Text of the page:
The characterisation of the South Africa question: Towards a black republic
The resolutioni on “The South African Question” adopted by the executive committee of the Communist International following its Sixth Comintern congress in 1928 characterised South Africa as a “British Dominion of the colonial type”.
This characterisation derived from the analysis of the development of relations of capitalist production that led to British imperialism “carrying out the economic exploitation of the country” with the participation of the white people of South Africa1.
The analysis held that this “did not alter the general colonial character of the economy of South Africa”, as British capital continued to occupy principal economic positions in the country – banks, mining and industry – and since the whites were equally interested in the merciless exploitation of the Africans2.
The South Africa Question resolution of the Sixth Comintern in 1928 also noted that in the South African economy there had been growth of the iron- and steel-manufacturing industries, the development of commercial crops (cotton, sugar, cane), and the growth of capitalist relations in agriculture, chiefly in cattle-raising. On the basis of this growth of capitalism, there was a growing tendency to expropriate the land from Africans and from a certain section of the white farming population.
This 1928 resolution further noted that the South African bourgeoisie (generally referring to whites) was endeavouring, also by legislative means, “to create a cheap market of labour power and a reserve army”.
While there is tendency to treat whites in general as a homogeneous group, the analysis did attempt to segment the white population into class components. The resolution noted that black people constituted the majority of the working class among the workers employed in industry, transport and agriculture, while the minority of the working class were white. The resolution further noted that that the characteristic feature of the proletarianisation of the native population was the fact that the number of black workers grew faster than the number of white workers.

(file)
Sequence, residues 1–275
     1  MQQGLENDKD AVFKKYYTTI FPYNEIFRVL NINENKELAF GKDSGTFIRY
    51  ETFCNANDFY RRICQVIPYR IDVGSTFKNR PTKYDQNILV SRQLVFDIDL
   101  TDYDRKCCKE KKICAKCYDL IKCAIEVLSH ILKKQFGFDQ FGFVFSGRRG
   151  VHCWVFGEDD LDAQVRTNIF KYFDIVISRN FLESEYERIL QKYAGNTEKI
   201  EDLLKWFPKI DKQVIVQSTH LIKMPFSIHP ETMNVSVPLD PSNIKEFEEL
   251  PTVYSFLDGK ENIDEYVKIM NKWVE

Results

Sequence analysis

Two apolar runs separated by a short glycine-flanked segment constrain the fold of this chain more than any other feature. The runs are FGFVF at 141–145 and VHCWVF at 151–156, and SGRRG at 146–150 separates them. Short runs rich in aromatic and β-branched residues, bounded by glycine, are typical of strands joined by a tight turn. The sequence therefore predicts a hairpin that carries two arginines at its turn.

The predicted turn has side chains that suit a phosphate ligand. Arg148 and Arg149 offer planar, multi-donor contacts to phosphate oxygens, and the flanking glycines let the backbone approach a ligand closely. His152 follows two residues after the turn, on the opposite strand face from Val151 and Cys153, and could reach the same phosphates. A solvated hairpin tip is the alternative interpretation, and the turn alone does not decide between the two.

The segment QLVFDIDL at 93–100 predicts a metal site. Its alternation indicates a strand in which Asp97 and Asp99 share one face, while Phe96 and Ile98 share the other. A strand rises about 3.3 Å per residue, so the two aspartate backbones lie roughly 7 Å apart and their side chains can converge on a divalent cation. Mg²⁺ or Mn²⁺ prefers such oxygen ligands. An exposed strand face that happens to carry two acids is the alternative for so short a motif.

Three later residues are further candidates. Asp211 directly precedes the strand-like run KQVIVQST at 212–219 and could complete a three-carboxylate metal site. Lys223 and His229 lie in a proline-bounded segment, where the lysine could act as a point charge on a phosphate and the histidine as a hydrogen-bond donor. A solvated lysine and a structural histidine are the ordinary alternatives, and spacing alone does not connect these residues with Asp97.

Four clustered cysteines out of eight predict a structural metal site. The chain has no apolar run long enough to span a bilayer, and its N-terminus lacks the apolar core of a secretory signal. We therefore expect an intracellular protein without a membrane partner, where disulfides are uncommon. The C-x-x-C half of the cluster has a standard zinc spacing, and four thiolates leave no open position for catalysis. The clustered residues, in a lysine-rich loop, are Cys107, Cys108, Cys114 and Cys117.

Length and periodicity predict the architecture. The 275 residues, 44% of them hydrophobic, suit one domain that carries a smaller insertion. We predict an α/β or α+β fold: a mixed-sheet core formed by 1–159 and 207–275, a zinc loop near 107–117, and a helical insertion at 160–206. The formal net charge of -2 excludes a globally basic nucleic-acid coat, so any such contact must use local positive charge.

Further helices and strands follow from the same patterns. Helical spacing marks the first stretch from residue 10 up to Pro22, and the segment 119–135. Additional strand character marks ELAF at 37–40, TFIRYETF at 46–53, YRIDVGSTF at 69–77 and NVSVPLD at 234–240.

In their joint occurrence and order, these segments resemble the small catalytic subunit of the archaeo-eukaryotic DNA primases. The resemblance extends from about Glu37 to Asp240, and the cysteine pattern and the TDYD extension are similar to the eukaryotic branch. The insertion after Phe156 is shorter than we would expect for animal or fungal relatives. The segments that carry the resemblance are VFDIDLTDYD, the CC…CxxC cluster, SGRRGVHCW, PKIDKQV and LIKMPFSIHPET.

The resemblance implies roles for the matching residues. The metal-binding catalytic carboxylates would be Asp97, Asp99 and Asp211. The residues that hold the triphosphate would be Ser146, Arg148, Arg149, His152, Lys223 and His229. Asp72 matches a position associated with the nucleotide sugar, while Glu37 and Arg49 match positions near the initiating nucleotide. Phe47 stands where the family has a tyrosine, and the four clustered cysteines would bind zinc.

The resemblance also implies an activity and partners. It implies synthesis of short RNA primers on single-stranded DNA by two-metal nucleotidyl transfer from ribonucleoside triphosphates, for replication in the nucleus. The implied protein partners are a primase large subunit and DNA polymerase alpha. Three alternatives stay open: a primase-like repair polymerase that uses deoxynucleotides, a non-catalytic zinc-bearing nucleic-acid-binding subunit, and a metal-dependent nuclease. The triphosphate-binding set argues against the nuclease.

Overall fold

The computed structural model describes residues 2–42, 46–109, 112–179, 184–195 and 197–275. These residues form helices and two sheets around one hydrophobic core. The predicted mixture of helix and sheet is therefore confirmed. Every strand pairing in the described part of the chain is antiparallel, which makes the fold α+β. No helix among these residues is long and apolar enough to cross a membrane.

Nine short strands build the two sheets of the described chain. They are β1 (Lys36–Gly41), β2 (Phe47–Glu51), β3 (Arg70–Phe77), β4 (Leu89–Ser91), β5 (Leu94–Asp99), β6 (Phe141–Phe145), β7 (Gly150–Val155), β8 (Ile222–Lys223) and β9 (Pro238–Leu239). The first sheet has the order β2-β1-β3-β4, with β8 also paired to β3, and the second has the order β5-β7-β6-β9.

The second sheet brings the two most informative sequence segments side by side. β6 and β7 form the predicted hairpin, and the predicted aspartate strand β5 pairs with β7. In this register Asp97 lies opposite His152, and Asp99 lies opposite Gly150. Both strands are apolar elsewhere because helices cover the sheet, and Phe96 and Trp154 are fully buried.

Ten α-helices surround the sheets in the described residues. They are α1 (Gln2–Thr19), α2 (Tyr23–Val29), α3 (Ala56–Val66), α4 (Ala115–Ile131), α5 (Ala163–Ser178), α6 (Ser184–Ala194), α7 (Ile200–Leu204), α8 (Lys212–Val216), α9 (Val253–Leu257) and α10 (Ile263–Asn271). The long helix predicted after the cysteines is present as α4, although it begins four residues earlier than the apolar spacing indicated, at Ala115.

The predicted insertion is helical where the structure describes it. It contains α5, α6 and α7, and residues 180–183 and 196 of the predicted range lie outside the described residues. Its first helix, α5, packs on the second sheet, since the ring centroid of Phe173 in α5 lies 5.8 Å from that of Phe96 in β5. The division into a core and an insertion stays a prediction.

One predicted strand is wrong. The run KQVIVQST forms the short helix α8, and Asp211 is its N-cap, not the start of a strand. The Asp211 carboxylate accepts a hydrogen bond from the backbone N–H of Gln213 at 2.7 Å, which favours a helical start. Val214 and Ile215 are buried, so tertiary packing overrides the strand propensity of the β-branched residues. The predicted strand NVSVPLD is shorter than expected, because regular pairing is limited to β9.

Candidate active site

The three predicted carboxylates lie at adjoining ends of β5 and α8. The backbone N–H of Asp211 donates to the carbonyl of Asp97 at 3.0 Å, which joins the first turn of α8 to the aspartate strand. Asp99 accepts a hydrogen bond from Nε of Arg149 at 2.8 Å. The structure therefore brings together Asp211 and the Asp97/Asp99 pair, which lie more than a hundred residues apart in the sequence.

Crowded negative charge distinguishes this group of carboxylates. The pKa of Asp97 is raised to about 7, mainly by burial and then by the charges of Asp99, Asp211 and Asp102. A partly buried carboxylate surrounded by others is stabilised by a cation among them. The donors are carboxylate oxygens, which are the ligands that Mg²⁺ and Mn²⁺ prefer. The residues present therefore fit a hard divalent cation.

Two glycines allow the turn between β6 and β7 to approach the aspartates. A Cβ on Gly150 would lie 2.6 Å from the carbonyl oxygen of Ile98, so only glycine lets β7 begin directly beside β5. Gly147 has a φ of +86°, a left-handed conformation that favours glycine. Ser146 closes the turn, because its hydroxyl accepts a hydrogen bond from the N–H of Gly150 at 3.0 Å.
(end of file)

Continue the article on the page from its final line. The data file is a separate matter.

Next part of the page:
The colonial-type thesis
The Sixth Comintern also observed that the overwhelming majority of the population was made up of black people3. “A characteristic feature of the colonial type of the country is the almost complete landlessness of the Africans who in 1928 held only one-eighth of the land whilst seven-eighths had been expropriated by the white population,” It said.
Another characteristic noted was “the great difference” in the wages and conditions of the white and black working class in general. Notwithstanding a reduction in the living standard of the white workers that had taken place in the 1920s, “the great disproportion between the wages of the white and black workers continued to exist as the characteristic feature of the colonial type of the country”.
The Sixth Comintern contended that there was no African bourgeoisie as a class, apart from those Africans engaged in trading and a thin strata of African intellectuals who did not play an essential role in the economic and political life of the country.
Evolution of ANC policy
i Document 42 from "South African Communists Speak", 1981
1 Described and quantified as the white bourgeoisie of South Africa (British and Boer) - about 1 500 000 white people according to the 1921 census.
2 Described as the negro population.
3 Described and quantified as negroes and coloured people (about 5 500 000 negroes and coloured people according to the 1921 census) – note that this did not necessarily account for South Africans of Indian origin.
4 The key task of the executive committee of the congress, according to Seme … be divided into two sections.
- To formally establish the South African Native Congress as a national society or union for all the natives of South Africa.
- Consider, amend, and adapt, the Constitution and rules for the society, union or congress.
- To elect officers for the ensuing year.
5 Second section:
- The installation of officers;
- To take a vote of confidence on:
- General the Right Honourable Louis Botha, PC
- The Honourable the Minister for Native Affairs
- The Honourable the Native Senators